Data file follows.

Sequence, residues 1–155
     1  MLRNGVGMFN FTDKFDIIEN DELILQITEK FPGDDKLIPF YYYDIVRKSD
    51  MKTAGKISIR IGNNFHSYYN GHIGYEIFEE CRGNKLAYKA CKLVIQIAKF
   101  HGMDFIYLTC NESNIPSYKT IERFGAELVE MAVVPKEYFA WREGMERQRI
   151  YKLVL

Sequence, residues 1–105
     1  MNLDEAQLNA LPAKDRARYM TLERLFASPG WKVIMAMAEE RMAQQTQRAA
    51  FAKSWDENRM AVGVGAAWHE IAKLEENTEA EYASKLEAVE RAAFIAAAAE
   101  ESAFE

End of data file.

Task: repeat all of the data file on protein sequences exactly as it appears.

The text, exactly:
Sequence, residues 1–155
     1  MLRNGVGMFN FTDKFDIIEN DELILQITEK FPGDDKLIPF YYYDIVRKSD
    51  MKTAGKISIR IGNNFHSYYN GHIGYEIFEE CRGNKLAYKA CKLVIQIAKF
   101  HGMDFIYLTC NESNIPSYKT IERFGAELVE MAVVPKEYFA WREGMERQRI
   151  YKLVL

Sequence, residues 1–105
     1  MNLDEAQLNA LPAKDRARYM TLERLFASPG WKVIMAMAEE RMAQQTQRAA
    51  FAKSWDENRM AVGVGAAWHE IAKLEENTEA EYASKLEAVE RAAFIAAAAE
   101  ESAFE